Drink as Little as Possible

Around my birthday, last year, I realized I had been drinking for 30 years. Since I was 18. Whew.

The broken bottle and the damage done, eh?

Since this realization, off and on, I’ve been trying to drink as little as possible.

Generally, this hasn’t worked well.

Started the less drinking project October-ish, then there was my birthday and Portland Cocktail Week. I was cut a break when Heaven’s Dog closed in Oct/Nov, and peer pressure was reduced to drink on a semi-weekly basis. Re-started the project, and then there were the holidays. In January, I finally got around to drying out for a few weeks, then I got invited to England to visit the Savoy Hotel. In February, to Boston for a cocktail event.

Then started working behind the bar regularly at South in the SF Jazz center.

Even leaving aside peer pressure from fellow bar staff, there is always an excuse to drink.

I was reading Roger Ebert’s memoir, not to put any spoilers out there, but in his 20s and 30s he drank to excess with the rest of the Chicago newspaper scene at The Goat and O’Rourke’s. Eventually, he decided he was an alcoholic and joined AA. When he joined AA, his sponsor gave him a drug that would make drinking very unpleasant, “If you are able to drink, it is only your will, and will always fails,” or words to that effect.

Without drink, he went on to live a fairly productive late life, with adopted children and a wonderful, supportive wife. Film festivals, TV show, etc.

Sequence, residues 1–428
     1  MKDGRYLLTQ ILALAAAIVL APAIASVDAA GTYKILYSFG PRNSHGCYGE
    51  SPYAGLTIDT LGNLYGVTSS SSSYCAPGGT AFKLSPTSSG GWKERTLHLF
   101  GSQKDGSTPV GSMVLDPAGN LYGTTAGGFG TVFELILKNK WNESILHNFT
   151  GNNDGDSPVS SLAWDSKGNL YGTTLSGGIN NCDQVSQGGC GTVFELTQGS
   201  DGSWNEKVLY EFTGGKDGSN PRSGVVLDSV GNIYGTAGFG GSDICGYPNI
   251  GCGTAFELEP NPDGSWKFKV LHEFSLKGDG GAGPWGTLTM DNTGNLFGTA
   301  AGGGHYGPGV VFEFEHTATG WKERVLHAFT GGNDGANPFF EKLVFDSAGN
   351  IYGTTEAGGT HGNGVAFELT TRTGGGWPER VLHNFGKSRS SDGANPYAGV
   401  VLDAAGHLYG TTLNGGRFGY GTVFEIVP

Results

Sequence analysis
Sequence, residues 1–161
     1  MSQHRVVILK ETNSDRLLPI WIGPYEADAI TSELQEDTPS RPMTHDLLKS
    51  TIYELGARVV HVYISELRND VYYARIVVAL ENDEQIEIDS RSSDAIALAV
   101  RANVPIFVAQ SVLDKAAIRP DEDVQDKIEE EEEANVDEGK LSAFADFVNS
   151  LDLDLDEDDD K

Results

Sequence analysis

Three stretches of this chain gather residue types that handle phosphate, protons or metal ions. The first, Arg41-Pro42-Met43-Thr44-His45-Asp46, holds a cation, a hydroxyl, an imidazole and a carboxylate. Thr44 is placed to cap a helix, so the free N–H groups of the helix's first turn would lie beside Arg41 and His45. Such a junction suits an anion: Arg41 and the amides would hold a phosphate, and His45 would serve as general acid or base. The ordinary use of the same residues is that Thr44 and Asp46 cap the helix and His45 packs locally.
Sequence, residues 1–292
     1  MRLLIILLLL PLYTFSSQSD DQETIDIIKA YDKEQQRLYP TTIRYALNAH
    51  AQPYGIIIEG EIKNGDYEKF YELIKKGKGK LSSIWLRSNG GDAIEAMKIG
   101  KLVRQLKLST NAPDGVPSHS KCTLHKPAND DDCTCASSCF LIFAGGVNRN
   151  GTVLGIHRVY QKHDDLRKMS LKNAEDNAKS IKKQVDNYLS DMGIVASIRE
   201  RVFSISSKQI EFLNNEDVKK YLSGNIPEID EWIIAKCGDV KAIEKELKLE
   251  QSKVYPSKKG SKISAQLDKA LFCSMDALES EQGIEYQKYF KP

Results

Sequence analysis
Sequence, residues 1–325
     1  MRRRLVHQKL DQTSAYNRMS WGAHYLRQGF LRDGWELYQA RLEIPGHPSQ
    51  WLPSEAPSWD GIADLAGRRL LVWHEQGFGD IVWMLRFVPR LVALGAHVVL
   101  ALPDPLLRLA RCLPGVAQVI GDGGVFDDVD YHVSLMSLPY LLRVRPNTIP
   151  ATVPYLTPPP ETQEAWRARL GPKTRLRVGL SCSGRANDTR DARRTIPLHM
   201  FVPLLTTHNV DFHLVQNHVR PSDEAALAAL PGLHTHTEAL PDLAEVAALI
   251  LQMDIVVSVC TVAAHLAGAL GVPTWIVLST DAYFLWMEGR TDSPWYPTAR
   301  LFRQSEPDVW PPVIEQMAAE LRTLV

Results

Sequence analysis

For most of my life, I feel like, and this is my perception, that I’ve managed to keep drinking in its box. It has never cost me a job or a relationship. I’ve never lost a weekend, or a week, to a bender.

On the other hand, I’ve always been lucky to have friends or loved ones to bail me out from periodic lost nights. Shove me in a cab with some money, or help me get into my pajamas.

When you’re young, binge drinking seems fun. However, at some point, you just become a drunk old guy, instead of an enthusiastic, youthful, partier.

I was looking at a photos of older men, who still try to sport the stubble look. It’s like that. At some point, you just look like a rumpled old man who didn’t have time to shave, instead of a youthful bon vivant.

I feel like that now, I’m old enough I should have learned to drink well, like the quintessential Italian man. To drink enough to enjoy life, but not enough to be drunk in public.

But, I haven’t, and I still manage to occasionally get embarrassingly drunk.

Maybe 30 years of drinking is enough.

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